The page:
"[W]hy should the United States, when development assistance is limited, give development assistance to those governments which will squander it, or which will not use it wisely, or which will put it in their pockets? So the United States absolutely supports humanitarian assistance, immaterial of the government in place.... [T]he ... policy has been, always will be: that starving people know no politics. But as far as helping governments, that's a totally different area."

On China's involvement on the continent:

"It's not an issue where I look around and I say, 'Oh, it's Africa's fault that they've opened the door to China, and the Chinese are getting all the contracts and they're building shoddy roads that fall apart and anyone beyond the skill level of turning over a shovel comes from China instead of being hired locally.'

"When someone knocked on the door to come and do business in Africa, and the African governments opened the door and the Chinese were the only ones standing there, I cannot blame African governments for doing business deals with China. The solution is two-fold. On one hand, I will do everything I can to encourage American businesses to invest in Africa, and that is happening already with countries like Ethiopia, with countries like Kenya, more recently with countries like Angola, where American businesses cannot wait to invest.

"But the responsibility also lies on the African side to put environments in place which are transparent, which give everybody an equal chance at the contract, where if an investor has a business dispute because the junior brother of the landowner shows up and claims that the factory now belongs to him, that both parties receive equal justice. I think everybody understands what I'm talking about there.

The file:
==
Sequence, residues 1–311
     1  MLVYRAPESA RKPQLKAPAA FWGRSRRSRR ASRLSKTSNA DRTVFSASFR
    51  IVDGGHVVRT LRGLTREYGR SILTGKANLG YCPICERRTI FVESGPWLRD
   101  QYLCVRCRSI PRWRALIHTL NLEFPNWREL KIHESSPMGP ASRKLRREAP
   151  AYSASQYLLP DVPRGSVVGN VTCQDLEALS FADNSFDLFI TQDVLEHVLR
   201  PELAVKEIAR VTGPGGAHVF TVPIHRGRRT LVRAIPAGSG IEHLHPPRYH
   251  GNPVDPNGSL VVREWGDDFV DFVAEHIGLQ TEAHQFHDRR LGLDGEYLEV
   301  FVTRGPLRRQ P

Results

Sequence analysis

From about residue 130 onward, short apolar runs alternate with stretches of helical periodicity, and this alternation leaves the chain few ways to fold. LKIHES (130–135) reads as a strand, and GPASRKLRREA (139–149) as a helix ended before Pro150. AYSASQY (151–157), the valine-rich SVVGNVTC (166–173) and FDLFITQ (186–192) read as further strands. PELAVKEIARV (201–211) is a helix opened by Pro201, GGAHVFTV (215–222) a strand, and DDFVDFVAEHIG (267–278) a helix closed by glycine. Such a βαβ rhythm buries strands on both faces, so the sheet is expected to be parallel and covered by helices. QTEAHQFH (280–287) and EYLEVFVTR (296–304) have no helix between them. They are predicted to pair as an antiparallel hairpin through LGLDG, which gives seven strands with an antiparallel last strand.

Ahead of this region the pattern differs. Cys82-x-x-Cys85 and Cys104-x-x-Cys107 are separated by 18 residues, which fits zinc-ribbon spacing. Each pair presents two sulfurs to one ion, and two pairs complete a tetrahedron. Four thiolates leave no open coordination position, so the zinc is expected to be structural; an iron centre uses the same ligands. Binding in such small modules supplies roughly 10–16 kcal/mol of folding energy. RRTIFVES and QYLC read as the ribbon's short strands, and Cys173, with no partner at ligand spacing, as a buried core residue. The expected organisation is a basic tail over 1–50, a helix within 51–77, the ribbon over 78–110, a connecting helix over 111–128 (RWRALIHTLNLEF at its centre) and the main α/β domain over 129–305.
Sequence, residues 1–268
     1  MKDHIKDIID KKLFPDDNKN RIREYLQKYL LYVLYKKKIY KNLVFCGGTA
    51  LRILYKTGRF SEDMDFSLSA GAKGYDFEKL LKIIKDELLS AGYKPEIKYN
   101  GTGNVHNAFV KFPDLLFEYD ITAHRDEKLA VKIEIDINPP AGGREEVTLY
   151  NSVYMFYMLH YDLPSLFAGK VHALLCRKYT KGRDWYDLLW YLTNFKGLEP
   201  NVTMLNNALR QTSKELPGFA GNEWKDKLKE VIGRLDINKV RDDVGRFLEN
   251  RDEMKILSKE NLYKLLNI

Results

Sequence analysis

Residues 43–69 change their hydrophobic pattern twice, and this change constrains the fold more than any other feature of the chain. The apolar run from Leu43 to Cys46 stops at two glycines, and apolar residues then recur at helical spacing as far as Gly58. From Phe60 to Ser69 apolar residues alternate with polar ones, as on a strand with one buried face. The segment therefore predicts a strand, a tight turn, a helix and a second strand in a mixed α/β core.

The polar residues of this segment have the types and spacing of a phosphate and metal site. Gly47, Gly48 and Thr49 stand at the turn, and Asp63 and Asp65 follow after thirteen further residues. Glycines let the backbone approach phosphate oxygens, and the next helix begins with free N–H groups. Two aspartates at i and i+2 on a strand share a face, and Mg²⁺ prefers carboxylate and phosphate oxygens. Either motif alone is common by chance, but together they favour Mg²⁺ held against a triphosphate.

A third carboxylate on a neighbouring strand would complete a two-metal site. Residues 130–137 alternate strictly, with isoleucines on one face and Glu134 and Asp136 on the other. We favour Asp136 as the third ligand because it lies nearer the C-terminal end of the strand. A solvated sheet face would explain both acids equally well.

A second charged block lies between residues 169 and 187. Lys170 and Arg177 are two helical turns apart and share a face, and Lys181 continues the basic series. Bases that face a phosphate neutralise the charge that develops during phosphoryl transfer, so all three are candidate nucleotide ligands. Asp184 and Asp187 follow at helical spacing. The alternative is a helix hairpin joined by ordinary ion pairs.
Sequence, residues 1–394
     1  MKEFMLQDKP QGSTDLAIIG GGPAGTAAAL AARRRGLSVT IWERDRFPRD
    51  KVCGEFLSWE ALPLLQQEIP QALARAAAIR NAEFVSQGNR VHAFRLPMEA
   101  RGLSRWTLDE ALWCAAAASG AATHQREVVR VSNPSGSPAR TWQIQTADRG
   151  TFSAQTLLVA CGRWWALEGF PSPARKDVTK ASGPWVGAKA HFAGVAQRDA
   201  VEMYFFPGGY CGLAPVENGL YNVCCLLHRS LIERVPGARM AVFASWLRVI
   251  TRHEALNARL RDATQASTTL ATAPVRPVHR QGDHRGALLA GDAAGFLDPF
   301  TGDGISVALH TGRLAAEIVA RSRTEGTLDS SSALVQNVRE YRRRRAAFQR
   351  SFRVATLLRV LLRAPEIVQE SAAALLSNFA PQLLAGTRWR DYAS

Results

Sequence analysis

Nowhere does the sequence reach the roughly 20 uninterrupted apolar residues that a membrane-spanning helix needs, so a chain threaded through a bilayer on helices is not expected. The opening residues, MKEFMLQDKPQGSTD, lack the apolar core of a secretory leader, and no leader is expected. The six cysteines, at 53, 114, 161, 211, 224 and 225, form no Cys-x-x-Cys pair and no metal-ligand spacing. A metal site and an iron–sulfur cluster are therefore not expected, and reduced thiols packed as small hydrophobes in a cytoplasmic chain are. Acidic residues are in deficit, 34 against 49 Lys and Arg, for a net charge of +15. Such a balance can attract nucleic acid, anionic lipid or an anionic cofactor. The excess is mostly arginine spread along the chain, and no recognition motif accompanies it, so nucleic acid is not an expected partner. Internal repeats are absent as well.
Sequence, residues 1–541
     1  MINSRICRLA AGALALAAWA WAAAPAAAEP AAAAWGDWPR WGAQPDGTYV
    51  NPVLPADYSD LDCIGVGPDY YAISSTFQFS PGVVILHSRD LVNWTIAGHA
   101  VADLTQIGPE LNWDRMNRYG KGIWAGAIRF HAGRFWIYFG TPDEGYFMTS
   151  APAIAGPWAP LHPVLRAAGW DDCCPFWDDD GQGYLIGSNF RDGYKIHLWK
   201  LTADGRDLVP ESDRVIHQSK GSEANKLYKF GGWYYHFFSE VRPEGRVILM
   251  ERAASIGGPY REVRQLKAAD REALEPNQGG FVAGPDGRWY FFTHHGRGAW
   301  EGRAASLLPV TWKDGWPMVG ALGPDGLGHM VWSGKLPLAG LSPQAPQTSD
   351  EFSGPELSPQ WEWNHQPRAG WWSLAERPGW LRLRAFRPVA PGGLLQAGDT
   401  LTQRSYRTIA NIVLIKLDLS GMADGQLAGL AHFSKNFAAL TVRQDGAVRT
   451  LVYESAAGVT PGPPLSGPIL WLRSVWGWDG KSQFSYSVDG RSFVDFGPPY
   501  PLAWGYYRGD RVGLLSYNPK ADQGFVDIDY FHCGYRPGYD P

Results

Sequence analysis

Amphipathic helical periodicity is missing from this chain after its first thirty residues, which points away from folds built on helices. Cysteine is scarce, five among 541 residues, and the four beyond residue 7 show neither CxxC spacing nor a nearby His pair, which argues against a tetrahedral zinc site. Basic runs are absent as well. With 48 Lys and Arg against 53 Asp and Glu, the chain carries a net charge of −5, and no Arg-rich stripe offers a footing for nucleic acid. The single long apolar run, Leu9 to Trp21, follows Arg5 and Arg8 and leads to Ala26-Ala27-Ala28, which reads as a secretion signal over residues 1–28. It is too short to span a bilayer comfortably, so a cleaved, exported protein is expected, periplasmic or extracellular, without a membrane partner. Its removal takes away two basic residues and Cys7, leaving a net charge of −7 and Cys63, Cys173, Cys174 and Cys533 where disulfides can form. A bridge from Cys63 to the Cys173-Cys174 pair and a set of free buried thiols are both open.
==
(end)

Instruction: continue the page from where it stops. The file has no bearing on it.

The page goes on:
"So it has to be the correct environment to attract investment of the types of investors that deal honestly, openly, transparently, instead of trying to buy their way into contracts and paying off the big men who control licenses and things like that. That's how we will create jobs, that's how we will bring prosperity. So yes, the next time that investors knock on the door I very much want American investors to be there as well."

On Zimbabwe:

"I am very much hoping that Zimbabwe has a chance to move forward, because it is one of the countries in Africa, given its very high level of educational achievement, again, quite a good infrastructure base, very entrepreneurial people, which could make dramatic economic progress, based on government providing the appropriate environment to attract investment."